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may be that he had been solacing the solitude
of his hut with something of a comforting
nature, and had issued with an over-
developed sense of dignity and authority. It
may be that his temper was a little soured
by seeing the bottle, and receiving no invitation
from the eccentric passengers and owners
to partake of its contents. Anyway, his tone
was thick, and his meaning unfriendly.

"I don't know who you may be," he began,
you may be all right, and you may not; but
I'm here to do my duty."

Cuddy explained to him the very confined
limits of that duty, which consisted in opening
and shutting the lock-gates, and seeing
that no one threw dead dogs or cats in the
water, to obstruct the channel. This remark,
had an irritating effect.

"Sir," he resumed, addressing himself
particularly to Cuddy, who maddened him by
drinking out of the bottle: "I don't know
who you may be, but I know my duty; if I
didn't, I hadn't ought to be here."

Something called him away at this point,
for a moment; but he returned immediately
to the attack.

"I see a party in the barge," he resumed,
"and how do I know who they are?"

"How, indeed?" replied Cuddy.

"Very well; I know my duty. I don't
know who you may be—"

Our barge had, by this time, cleared the
locks, and the argumentative, but language-
limited lock-keeper was left behind upon a
brickwork promontory, struggling with his
frozen eloquence, and with many conflicting
emotions. He probably thought that Captain
Randle was harbouring visitors without
the knowledge of the Company; or that a
secret mission of observance, a surveying
expedition, or a pleasure-party of eccentric
directors was floating on the canal; and, while
he was anxious to assert his official existence,
and to show himself in the eyes of the great
unknown as a highly vigilant and
meritorious officer, he was mad with curiosity
to know the meaning of the unusual group
in the hold of the Stourport; and careful not
to say anything that might be offensive to
the ears of probable authority, travelling in
disguise. No one had the charity to
enlighten his ignorance, and he was left to pass
the short remainder of the night, tossing
uneasily upon his couch under the heavy load
of a deep, dark mystery.

Before we leave the Regent's Canal, and
join the Paddington branch of the Grand
Junction Canal, to proceed in the direction
of Brentford, we are received in the gauging-
house of the Grand Junction Company, and
the weight of luggage which we carry on
board is measured by a barometer, which
is dipped in the canal close to the sides of
the vessel, fore and aft, and the results
entered in a book, from which we are
rated. This necessary examination is made
in the interest of canal proprietors at every
junction where a barge passes from one
property to another. The Grand Junction
Company charge tolls to their own barges, the
same as to others, the accounts of the carrying
trade, and the canal trade, being kept
distinct. This ordeal concluded, we are
fairly launched upon the inland canals, and
our regular round of canal life begins. ln
front of us is our butty-barge (butty being
a Staffordshire term for foreman), destined to
be our companion through the journey, and
undertake the duty of sending a man in
advance with a key, to get the water prepared
in the locks. This is done by the driver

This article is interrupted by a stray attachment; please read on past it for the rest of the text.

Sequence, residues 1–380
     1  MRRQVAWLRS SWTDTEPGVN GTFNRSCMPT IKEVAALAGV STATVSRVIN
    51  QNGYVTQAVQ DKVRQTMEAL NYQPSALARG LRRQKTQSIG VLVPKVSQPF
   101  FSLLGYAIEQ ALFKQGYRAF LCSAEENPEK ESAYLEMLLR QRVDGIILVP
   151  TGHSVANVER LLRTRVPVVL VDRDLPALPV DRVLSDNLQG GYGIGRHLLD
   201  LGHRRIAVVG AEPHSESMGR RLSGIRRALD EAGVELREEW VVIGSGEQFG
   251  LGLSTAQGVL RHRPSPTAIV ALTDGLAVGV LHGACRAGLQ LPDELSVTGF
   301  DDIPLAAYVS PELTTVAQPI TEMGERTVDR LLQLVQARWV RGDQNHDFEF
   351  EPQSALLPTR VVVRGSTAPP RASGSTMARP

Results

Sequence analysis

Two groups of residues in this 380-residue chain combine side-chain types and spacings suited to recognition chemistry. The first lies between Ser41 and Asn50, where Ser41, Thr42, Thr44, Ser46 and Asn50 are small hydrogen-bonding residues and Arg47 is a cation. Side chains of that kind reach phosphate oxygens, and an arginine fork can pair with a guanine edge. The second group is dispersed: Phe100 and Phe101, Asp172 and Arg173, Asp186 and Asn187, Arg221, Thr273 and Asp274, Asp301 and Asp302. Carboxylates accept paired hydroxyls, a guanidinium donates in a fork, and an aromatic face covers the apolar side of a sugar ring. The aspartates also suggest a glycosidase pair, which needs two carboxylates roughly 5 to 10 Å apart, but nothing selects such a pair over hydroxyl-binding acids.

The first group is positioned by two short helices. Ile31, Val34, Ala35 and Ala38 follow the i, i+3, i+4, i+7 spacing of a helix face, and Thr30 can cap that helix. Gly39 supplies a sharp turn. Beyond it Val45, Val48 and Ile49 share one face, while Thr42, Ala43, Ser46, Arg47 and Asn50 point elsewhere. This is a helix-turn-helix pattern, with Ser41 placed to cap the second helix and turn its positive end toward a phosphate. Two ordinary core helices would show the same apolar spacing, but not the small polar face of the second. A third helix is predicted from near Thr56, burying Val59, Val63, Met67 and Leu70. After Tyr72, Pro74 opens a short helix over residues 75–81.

of the horse, and is no inconsiderable task,
when we know that there are nearly a
hundred locks upon the Grand Junction
property. The barges of all the large
proprietors travel in tandem-pairs; and the
task of lock-opening falls to the lot of the
foremost barge. Each boat has a captain and
three men, who work in lengths, or distances
of from six to ten miles; one man steering
while the other drives, and attends to the
locks; the other two sleeping or resting
until their turns came to work the boat. The
captain is responsible to the company for the
barge and the goods; and he receives a
certain fixed payment in pounds sterling for the
voyage. The crew of three men is employed,
paid, and fed by the captain. The victualling
of the vessel consists in shipping a sack
of potatoes, a quantity of inferior tea, and
about fifty pounds of meat at the beginning
of the voyage; while large loaves of
bread, weighing upwards of eight pounds,
are got at certain places on the line of canal.
If our pace is slow, it has the advantage of
being incessant; for night or day we never
stop, but keep on the even tenor of two
and a-half miles an hour, except when, for
about two minutes, we are delayed at each lock.

By degrees the novelty of our situation
subsides a little, and we settle down for a few
hours upon our straw bed. Cuddy is restless;
and, having the weight of much historical
information concerning canals upon
his mind, which he has hastily crammed
from cyclopaedias, and such books, in
anticipation of our journey, he suddenly finds it
necessary that he should communicate to me
an account of early Chinese, Assyrian, and
Roman claims to the introduction and
improvement of this very useful, agreeable, and
economical mode of conveyance. Finding
that I do not feel a proper and intelligent
interest in the early origin and struggles of
canals; that I do not care how the Chinese
dug them; what the Egyptians thought of
them, or what the early Greeks called them;
knowing that I am familiar with every step
in the noble history of the energetic, single-
minded Duke of Bridgewater, and his worthy
engineer and companion, Brindley, and all
they did for canal extension in England,—
Cuddy (who is not a bore, or he would

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